Last month saw the publication of Central Station, a collection of short stories by science fiction author Lavie Tidhar. Tidhar, winner of the 2012 World Fantasy Award, is building an impressive body of work. His latest offering demonstrates his ability to take an audacious concept, wed it to contemporary social commentary, and produce something readable and thought-provoking.
All of Tidhar’s novels that I’ve read feature a melting pot of characters and locations. Central Station is no exception. Set in the future, the eponymous travel hub is a space port located in Tel Aviv. A Tel Aviv greatly altered after centuries of future history. Jaffa – Tel Aviv is a city in the Judea Palestina Federal Union. Central Station is the blasting-off point for travel to the rest of the Solar System and beyond.
Like many transit towns, Jaffa – Tel Aviv is teeming with life. Some are just passing through, others are bound to the station, relying on it for their livelihoods. Where these teeming lives intersect, there are stories.
Central Station is a mosaic novel, made up of connected short stories. Most of these have been published elsewhere in slightly different forms. Tidhar has edited these and added a couple more stories to make them into a coherent whole. Whilst there is an overreaching story, the book does feel disjointed. If you like your novels to move from A to B to C, you’re likely find Central Station hard going.
Nevertheless, if you haven’t already, Lavie Tidhar is a novelist well worth discovering.
I first encountered him after reading a Christopher Priest review of Osama, a book with a premise so audacious, I couldn’t but help read it. As its kicking-off point, it portrays Osama bin Laden as the hero in a fictional series called “Osama bin Laden – Vigilante.” The novel is a blend of metaphysical world-melding and private detective novel, and is such a rich confection it really ought not to work, but it does, almost completely. Read my full review here.
Where Osama examines the manner in which we report and respond to terrorism, The Violent Century looks at war and the nature of heroism. The Violent Century takes place mostly in World War II, but in a world where superheroes exist. As with all Tidhar’s novels, I found it stylistically challenging; there aren’t many authors who could pull off starting a chapter with the line “The wheels on the bus go round and round,” but Tidhar manages it.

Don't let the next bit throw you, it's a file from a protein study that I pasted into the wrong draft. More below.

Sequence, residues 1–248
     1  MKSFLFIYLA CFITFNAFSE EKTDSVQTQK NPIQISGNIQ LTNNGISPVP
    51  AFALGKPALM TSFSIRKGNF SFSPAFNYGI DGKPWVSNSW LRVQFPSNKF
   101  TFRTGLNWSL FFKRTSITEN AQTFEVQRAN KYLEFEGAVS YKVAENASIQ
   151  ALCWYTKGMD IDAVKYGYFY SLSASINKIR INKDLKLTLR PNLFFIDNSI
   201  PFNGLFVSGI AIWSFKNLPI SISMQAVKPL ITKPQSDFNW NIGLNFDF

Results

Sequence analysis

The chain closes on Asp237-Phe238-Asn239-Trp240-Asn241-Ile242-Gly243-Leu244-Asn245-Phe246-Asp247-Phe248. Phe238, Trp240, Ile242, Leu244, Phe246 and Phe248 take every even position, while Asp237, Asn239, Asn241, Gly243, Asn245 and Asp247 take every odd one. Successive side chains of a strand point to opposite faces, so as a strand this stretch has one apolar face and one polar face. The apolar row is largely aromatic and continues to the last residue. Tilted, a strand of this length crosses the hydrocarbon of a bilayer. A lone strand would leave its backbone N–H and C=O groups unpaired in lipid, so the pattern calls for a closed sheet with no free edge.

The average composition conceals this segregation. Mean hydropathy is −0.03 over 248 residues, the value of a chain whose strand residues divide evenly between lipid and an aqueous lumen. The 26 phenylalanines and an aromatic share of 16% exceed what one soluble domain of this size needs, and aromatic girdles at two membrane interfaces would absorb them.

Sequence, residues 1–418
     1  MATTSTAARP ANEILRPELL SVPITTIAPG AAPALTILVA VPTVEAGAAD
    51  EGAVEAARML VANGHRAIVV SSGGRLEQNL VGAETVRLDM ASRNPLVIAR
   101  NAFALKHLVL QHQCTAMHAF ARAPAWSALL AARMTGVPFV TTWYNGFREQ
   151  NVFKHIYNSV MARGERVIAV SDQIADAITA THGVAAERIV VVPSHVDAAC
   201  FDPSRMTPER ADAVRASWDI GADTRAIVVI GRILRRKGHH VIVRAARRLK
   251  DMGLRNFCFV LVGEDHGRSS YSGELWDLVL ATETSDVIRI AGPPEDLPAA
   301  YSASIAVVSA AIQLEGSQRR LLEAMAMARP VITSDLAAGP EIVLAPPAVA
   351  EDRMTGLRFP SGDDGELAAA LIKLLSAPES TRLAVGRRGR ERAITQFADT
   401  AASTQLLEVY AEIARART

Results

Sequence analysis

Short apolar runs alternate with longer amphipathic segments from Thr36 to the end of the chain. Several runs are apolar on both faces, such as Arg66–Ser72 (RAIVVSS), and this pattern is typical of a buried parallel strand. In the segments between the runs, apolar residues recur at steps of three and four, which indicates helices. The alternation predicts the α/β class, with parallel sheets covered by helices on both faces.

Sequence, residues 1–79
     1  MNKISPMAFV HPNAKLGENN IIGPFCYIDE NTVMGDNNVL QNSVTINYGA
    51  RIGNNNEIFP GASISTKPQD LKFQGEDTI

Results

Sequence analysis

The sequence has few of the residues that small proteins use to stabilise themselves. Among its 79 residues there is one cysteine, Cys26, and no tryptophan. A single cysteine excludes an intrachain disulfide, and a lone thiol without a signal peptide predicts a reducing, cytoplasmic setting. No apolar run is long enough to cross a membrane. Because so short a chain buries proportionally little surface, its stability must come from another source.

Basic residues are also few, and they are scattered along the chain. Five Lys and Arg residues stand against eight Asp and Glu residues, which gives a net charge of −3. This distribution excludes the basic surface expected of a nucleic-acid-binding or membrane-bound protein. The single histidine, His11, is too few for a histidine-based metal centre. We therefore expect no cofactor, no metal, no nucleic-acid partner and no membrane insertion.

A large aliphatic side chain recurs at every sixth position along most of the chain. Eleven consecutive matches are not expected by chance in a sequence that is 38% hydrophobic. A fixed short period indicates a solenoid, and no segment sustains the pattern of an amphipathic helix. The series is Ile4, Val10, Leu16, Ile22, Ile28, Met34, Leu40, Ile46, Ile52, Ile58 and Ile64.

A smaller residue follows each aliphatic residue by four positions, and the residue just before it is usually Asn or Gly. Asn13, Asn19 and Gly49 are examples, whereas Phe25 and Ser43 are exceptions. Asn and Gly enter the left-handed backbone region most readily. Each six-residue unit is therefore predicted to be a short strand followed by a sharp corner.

The Violent Century is a fine novel. Once again Tidhar borrows from traditional noir tropes, this time the spy thriller. He blends this with superhero mythology to examine both whether great power does bring great responsibility, and asks that age-old question, “Who watches the Watchmen?” (Full review here.)
A Man Lies Dreaming is again centered around an audacious premise. It is also one of the finest books I’ve read in the last 10 years. If features Shomer, a prisoner in Auschwitz. Shomer escapes the brutality of his life by imagining a story.
Before the war Shomer was a writer of pulp fiction. His new story, a tale that exists only in his head, makes Adolf Hitler an exile in London in 1939, having been ousted from his country by the communists. Europe is in turmoil, standing on the brink of war. “Wolf” is an almost forgotten footnote of history; a gumshoe, a dick, a detective for hire on the streets of London.
Again, this novel is a blend of styles with homage and references to Chandler and Hammett, but Tidhar borrows from modern writers and Holocaust literature too. He even quotes from political leaflets from Britian’s Anti-Europe party, UKIP. With (only slightly) skewed context, Tidhar shows these slogans for what they are, and in the post-Brexit world, they feel all the more chilling.
Whilst often light in tone, A Man Lie Dreaming is deeply moving. The horror of the Holocaust is dealt with gently, very much on an individual scale. The ease of which humans can become beasts is depicted in subtle shades, and the novel is more powerful for it. (Full review here.)
Returning to Central Station, Tidhar picks up many of the themes and ideas explored in his earlier novels, but places them entirely in the future. He brings his subtle and quirky world-building to a troubled future Earth, one in which a vast computer consciousness has been born.
There is so much going on in 250 pages. Data vampires; a romance with a broken, discarded cyborg; and an artist who can create gods. A young boy whose father has gone to the stars. He has an imaginary friend who might not entirely be a figment. Yet this is barely unusual in a world where nearly everybody is wired into an endless celestial, electronic “Conversation.” Against this we have the mundane. A barkeep, a bookkeeper, and a roving bric-a-brac man.
The narrative meanders all over the place. It’s as varied as its host of characters. Like Tidhar’s other novels Central Station is not always easy-going, but it is always interesting. Central Station has many of similar themes running through it, such as prejudice, acceptance, and seeing things from the other person’s point of view. Tidhar’s novels are full of stylistic quirks. I wouldn’t say he was an experimental writer, but he does like to play with convention, and push beyond what most author’s would consider appropriate style. This gives all his texts a unique feel, and mark him as one of the most interesting writers of science fiction in the business.
I received review copies of all the books mentioned in this piece, except Osama. All books are available now. Lavie Tidhar tweets at @.